Fractal features of soil texture and physical attributes in indian dark earth under different uses in western amazon

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Studying particle size distribution is important to understand soil structure and formation processes. This research aimed to assess the fractal dimension of soil texture in Indian Dark Earth (IDE) areas in southern Amazonas state under different land uses, as follows: two areas in the municipality of Apuí, one growing cocoa and the other coffee; a grassland area in the municipality of Manicoré; and a forest area in the municipality of Novo Aripuanã. A sampling grid containing 88 collection points (intersecting points on the grid) was established in each area, measuring 80 x 42 m for the cocoa and coffee-growing sites, and 80 x 56 m and 60 x 42 m for the grassland and forest areas, respectively. Soil samples were collected in soil core and as clumps at a depth of 0.0-0.20m to determine the structural physical properties and texture of the soil. The following physical attributes were assessed: texture (PSD), bulk density (BD), macroporosity (Macro), microporosity (Micro), total porosity (TP) and aggregate stability (GMD and WMD). The fractal dimension (D) of the soil texture was determined, followed by analysis of variance and comparison of the means using Tukey’s test (p≤0.05). Pearson’s correlation was applied to assess the correlation between variables. There was a significant difference between the IDEs studied, with a higher D value in the cocoa-growing area in relation to the other sites. Additionally, the larger the clay fraction, the higher the D value. Fractal dimension (D) showed a positive correlation with sand, clay, BD, Macro, GMD and WMD, and a negative correlation with silt, micro, TP. Based on the D values obtained, the ADE cultivated with cocoa showed superior quality in relation to the other areas studied.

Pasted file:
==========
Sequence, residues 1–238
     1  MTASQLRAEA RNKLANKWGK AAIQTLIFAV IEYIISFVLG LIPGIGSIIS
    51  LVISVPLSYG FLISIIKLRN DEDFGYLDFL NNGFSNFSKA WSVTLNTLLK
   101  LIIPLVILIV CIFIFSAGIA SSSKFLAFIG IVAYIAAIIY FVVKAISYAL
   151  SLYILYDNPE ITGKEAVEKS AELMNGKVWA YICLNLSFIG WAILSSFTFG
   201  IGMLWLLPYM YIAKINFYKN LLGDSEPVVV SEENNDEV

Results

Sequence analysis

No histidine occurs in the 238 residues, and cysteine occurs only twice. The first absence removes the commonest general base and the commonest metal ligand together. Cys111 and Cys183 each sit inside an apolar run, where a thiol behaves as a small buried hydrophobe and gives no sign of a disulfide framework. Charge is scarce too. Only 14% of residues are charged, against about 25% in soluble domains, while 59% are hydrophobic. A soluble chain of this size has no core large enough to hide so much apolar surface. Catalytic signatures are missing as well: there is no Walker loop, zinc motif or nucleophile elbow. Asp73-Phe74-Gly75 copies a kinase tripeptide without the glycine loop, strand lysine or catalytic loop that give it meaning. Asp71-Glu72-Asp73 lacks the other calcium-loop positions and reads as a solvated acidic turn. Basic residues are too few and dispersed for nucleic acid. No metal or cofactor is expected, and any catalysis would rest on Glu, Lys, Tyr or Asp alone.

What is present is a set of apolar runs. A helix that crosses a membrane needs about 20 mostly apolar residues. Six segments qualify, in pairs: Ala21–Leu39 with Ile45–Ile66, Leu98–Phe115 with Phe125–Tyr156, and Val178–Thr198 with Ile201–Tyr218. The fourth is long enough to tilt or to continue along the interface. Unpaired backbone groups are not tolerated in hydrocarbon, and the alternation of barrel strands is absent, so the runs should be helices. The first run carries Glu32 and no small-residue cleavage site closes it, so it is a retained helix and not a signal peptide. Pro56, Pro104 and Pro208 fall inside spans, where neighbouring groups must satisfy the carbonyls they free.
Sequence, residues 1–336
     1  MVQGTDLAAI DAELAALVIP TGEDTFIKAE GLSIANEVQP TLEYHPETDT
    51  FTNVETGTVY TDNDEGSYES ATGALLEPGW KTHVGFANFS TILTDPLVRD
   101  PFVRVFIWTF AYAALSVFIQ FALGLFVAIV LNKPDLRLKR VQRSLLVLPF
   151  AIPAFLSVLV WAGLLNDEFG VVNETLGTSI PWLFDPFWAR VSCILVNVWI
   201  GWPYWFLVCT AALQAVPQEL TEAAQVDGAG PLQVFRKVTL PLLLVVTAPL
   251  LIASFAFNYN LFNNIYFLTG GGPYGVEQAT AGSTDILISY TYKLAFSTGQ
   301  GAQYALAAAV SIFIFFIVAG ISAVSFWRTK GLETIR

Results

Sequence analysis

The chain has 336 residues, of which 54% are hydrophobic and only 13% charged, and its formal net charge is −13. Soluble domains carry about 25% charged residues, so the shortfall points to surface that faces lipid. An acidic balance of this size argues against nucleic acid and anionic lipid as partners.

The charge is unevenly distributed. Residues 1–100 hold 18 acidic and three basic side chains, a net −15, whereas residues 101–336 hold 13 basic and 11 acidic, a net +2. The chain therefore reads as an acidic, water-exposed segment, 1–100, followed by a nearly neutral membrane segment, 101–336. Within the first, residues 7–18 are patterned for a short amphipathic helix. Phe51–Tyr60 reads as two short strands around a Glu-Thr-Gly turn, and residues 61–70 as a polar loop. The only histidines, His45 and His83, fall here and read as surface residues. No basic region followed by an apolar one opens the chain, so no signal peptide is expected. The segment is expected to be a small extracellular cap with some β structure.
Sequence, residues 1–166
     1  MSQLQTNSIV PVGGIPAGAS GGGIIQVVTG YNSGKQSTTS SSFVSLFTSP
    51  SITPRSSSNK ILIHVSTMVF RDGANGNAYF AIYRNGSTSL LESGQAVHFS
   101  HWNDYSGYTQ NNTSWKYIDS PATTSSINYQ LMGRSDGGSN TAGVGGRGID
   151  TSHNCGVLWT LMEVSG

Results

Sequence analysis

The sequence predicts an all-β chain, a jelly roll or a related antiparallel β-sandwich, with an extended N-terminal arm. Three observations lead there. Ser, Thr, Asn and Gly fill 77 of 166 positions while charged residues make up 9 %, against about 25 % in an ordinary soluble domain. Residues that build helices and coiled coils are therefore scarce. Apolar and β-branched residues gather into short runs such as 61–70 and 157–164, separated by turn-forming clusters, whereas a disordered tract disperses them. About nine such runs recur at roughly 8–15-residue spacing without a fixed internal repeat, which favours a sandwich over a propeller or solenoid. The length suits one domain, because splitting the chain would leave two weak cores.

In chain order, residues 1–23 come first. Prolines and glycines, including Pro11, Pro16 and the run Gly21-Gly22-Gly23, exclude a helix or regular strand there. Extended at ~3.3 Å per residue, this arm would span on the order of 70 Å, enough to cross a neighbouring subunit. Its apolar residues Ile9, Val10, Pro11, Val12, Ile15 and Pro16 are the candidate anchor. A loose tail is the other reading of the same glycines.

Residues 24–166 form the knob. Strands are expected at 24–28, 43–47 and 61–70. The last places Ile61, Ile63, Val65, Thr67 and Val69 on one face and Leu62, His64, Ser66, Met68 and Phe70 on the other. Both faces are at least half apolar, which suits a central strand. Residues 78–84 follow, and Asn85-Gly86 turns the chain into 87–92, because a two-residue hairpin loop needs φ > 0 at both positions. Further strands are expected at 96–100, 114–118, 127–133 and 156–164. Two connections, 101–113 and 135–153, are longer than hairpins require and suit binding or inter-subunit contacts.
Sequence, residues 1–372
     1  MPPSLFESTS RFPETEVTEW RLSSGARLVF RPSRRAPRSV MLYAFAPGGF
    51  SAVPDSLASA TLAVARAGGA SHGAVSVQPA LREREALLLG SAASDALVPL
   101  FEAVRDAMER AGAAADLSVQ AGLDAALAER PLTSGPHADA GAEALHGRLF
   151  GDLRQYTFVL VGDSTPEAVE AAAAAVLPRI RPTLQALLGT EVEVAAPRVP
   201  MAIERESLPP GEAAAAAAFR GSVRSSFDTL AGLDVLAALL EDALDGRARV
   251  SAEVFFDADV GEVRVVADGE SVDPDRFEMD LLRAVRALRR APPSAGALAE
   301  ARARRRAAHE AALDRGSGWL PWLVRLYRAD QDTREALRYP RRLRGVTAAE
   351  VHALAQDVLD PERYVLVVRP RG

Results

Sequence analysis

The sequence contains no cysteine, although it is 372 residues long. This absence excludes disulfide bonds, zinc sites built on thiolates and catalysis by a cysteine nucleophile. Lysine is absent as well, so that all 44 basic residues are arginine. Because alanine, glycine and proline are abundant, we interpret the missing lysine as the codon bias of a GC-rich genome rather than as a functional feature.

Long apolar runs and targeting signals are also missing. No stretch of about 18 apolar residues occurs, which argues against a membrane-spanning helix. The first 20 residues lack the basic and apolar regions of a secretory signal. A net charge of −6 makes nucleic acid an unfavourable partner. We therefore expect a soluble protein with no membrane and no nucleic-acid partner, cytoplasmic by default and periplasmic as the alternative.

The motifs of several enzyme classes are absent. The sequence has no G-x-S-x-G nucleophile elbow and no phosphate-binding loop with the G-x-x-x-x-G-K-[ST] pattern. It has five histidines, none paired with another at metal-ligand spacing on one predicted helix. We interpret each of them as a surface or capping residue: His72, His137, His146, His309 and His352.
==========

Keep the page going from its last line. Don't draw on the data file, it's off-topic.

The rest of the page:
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Bioscience Journal, v. 36, n. 6, p. 1961-1974, 2020.

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